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BENNETT, BILL: THE NUGGET

MAKE ‘EM LAUGH . . . IF YOU CAN
Don’t rush to judgement by the rushes, it’s difficult to make people laugh, The Nugget director Bill Bennett tells Andrew L. Urban, and he now has a whole new take on screen comedy.


The Nugget is the first comedic film Bill Bennett has written and directed and it’s changed his whole take on screen comedy. Even though he doesn’t strictly speaking see it as a comedy. “It’s funny but I’ve been looking at comedy a different way since doing the film,” he says as we sit face to face at a coffee table in a hospitality room at Sydney’s Westin. This hip hotel is situated in the middle of Sydney’s financial district. Perhaps the choice of venue was dictated by a subconscious reference to the value of the fictitious nugget in the film – which is all about how a lot of money, or the prospect of a lot of money, can dramatically change people. 

"It is so difficult to make people laugh"

The Nugget tells how in a New South Wales country town, under-motivated council road worker mates Lotto (Eric Bana), Sue (Dave O’Neil) and Wookie (Stephen Curry), during another lazy weekend, stumble on a giant gold nugget that they reckon will change their lives. It sure does, but not quite how they expect. 

“It is so difficult to make people laugh,” he says with a wry grin. “The most successful comedies have to establish with the audience a clear understanding of character. It’s one of the reasons why Seinfeld works so well. When a girl says to George ‘come out to dinner with me - and I’ll pay’ and George immediately says ‘yes, I’ll go’, people laugh because they know he’s a tight-arse. If you didn’t have that knowledge, you wouldn’t find that moment funny.

“With The Nugget, Sue (Dave O’Neil) is set up as an intensely lazy man, so when the others start to dig up the street and he just pulls up a chair and sits down, people laugh.”

“Both Seinfeld and The Simpsons have fascinated Bennett. “They’re the two defining American shows that have spoken with great insight with what’s happening socially, culturally and politically in the American system and been quite critical of the American system….The Simpsons more so than Seinfeld. And if you go back to the Pythons, their humour was always politically based.”

From the writing through the shooting to the editing and finally to seeing the film with an audience is “a distinctly different stage,” says Bennett. “I’m very suspicious when people come out of rushes screenings and say ‘oh, rushes were so funny tonight, this is going to be such a funny movie.’ And you look at the movie and it’s just dreadful. So I was really pleased when everyone came to the rushes and didn’t laugh,” he says laughing. 

But Bennett doesn’t quite think of it a straight out comedy. “I regard it as a fable with some funny moments in it, and I think the decisions I made at the time were all correct. So no, I wouldn’t do it differently. Maybe if I were doing it again… I’d maybe adjust some timings in editing, but the approach is right, I think.”

" comedy allows you to be quite wicked"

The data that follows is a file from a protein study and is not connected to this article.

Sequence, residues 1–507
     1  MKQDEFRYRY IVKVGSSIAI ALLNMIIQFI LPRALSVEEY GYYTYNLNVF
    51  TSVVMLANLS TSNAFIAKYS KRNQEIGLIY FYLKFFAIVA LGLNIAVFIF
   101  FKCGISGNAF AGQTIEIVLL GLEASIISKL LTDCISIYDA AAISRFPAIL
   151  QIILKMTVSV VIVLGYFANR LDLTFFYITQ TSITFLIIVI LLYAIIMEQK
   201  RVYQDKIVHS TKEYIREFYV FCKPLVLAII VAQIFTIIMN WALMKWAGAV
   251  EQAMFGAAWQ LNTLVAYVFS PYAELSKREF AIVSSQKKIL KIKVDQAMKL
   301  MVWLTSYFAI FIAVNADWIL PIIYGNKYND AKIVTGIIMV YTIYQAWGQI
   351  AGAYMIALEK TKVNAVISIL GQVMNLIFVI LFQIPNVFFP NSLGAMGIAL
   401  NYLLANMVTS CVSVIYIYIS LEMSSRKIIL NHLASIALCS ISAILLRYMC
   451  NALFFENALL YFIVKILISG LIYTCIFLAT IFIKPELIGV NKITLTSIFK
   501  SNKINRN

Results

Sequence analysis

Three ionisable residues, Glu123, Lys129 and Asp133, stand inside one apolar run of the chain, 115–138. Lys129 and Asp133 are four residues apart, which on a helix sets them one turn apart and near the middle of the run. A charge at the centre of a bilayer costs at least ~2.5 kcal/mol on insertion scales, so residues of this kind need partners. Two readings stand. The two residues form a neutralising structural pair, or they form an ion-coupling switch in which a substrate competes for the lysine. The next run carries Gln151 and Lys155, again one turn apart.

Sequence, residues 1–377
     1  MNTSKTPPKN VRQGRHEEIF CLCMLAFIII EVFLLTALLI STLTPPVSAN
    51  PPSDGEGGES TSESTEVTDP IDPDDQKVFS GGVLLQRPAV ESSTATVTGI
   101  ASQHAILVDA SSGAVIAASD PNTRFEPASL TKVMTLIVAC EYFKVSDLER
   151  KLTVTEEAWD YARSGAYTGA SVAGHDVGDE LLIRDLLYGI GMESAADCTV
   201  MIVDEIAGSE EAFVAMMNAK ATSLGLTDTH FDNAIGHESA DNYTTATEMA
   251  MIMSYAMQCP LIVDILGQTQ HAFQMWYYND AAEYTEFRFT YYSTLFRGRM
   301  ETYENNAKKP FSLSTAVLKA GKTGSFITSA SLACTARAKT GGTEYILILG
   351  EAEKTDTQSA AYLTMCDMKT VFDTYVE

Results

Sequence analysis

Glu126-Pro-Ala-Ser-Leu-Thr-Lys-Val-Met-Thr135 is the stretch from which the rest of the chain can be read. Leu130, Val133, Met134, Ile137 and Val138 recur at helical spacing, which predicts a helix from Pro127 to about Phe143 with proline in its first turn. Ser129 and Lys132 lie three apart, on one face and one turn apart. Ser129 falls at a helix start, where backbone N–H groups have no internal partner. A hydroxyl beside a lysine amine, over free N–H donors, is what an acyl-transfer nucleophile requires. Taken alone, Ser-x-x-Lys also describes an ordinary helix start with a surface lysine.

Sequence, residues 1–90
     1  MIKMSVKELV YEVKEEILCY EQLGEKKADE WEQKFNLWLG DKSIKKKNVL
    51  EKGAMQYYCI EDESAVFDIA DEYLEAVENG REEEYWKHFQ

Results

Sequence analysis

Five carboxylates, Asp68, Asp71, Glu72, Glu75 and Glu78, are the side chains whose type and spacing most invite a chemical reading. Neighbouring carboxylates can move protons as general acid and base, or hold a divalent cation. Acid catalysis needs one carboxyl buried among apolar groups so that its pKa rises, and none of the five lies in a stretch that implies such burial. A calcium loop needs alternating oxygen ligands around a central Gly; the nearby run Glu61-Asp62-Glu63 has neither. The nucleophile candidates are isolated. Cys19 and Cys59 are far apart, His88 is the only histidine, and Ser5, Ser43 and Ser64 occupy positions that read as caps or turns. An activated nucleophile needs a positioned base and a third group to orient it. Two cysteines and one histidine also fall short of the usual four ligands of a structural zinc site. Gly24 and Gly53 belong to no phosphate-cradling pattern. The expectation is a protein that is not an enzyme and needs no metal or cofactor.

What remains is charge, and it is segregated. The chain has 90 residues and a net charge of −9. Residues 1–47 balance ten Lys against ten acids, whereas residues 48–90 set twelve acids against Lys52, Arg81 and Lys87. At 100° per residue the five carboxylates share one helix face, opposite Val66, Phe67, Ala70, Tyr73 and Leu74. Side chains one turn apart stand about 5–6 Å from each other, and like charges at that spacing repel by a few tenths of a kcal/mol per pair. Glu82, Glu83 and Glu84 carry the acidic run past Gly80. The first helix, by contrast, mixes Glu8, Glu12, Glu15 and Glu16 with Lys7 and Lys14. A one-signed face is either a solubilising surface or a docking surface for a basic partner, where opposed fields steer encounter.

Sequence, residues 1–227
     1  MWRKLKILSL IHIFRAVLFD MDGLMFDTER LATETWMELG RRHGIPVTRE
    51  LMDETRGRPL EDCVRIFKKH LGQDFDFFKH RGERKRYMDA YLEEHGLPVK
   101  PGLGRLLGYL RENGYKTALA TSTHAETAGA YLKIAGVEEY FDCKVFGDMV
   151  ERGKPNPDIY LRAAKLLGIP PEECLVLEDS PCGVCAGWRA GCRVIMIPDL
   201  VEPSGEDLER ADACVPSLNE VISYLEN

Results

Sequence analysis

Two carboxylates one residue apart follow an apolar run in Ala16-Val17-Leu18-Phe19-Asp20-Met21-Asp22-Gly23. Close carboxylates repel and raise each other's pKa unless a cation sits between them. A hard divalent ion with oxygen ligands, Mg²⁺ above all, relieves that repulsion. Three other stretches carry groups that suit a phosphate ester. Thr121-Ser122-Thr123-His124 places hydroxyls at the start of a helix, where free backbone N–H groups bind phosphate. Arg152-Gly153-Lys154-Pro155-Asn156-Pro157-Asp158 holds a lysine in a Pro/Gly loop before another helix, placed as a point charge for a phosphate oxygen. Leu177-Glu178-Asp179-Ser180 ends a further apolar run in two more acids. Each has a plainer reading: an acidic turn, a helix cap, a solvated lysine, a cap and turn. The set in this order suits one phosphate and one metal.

As he says, comedy can be an excruciating genre for a director, “because it’s so obvious if it doesn’t work. People either laugh or they don’t. If you’re making an intense drama, people will sit there and they’ll be silent … you can’t really tell if you’re having the right effect on them.”

Then there are the upsides of comedy. It can be very satisfying as a device. “I do think comedy allows you to be quite wicked and you can slip stuff in that you wouldn’t be able to do any other way. If anything it’s given me a little bit more confidence to work in that area, where you can in fact be quite searing in what you say, and yet it’s packaged in laughter.”

The Nugget also marks a quiet watershed in the nature of the collaboration between Bennett and his wife Jennifer, who (with Bennett) is the film’s producer. “Jennifer is developing as a very savvy filmmaker in her own right. It looks like she’ll be producing two movies by herself next year; one is a comedy the other is a skateboard movie. I won’t be directing, and I guess I’ll be a second rung producer helping her….so our roles will be reversed.”

"She has evolved into a pretty formidable filmmaker" on Jennifer Bennett

They first started working together as actor and director, “then she started having script input and she came to the script with a knowledge of character and what an actor needs to make a role work, which is invariably what a writer needs to make a character work. And then we co-wrote and she has such a knowledge of wardrobe, art direction and so on, so she started having influence in those areas. She has evolved into a pretty formidable filmmaker. And she’s certainly one of the few people I will listen to, and I’ve learnt from past mistakes that I need to take a really deep breath if I don’t follow her take on something. We all get it wrong sometimes, but she’s developing into one of this country’s better creative producers. And she has no desire to direct.”

Lest you deduce from this, dear reader, that the Bennetts have discovered the secret to a silken smooth working-and-marriage system, rest assured they are just like you and me. Bennett gently acknowledges with a sheepish smile that “sometimes when we’re going tooth and nail, I say to her ‘well you direct the goddam movie’ …. she then backs off …. but,” he adds with great emphasis, “I only ever say that right at the very end, when I’ve got no other ammunition to throw at her.”

Published October 24, 2002

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